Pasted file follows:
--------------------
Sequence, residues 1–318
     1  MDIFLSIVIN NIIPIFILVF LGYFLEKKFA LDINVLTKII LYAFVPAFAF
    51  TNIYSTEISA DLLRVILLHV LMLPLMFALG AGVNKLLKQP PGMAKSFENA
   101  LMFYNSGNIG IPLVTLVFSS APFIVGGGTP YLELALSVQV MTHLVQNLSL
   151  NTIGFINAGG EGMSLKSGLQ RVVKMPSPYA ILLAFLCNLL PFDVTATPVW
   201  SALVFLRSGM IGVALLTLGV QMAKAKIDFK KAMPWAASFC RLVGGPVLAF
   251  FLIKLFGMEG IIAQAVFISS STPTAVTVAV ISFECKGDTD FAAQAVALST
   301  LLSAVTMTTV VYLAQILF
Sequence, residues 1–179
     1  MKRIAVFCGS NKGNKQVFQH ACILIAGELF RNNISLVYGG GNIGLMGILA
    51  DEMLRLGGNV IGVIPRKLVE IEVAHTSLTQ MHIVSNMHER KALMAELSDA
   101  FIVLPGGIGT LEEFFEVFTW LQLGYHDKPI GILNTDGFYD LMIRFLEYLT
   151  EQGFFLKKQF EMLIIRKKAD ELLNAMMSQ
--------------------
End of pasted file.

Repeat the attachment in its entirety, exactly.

Sequence, residues 1–318
     1  MDIFLSIVIN NIIPIFILVF LGYFLEKKFA LDINVLTKII LYAFVPAFAF
    51  TNIYSTEISA DLLRVILLHV LMLPLMFALG AGVNKLLKQP PGMAKSFENA
   101  LMFYNSGNIG IPLVTLVFSS APFIVGGGTP YLELALSVQV MTHLVQNLSL
   151  NTIGFINAGG EGMSLKSGLQ RVVKMPSPYA ILLAFLCNLL PFDVTATPVW
   201  SALVFLRSGM IGVALLTLGV QMAKAKIDFK KAMPWAASFC RLVGGPVLAF
   251  FLIKLFGMEG IIAQAVFISS STPTAVTVAV ISFECKGDTD FAAQAVALST
   301  LLSAVTMTTV VYLAQILF
Sequence, residues 1–179
     1  MKRIAVFCGS NKGNKQVFQH ACILIAGELF RNNISLVYGG GNIGLMGILA
    51  DEMLRLGGNV IGVIPRKLVE IEVAHTSLTQ MHIVSNMHER KALMAELSDA
   101  FIVLPGGIGT LEEFFEVFTW LQLGYHDKPI GILNTDGFYD LMIRFLEYLT
   151  EQGFFLKKQF EMLIIRKKAD ELLNAMMSQ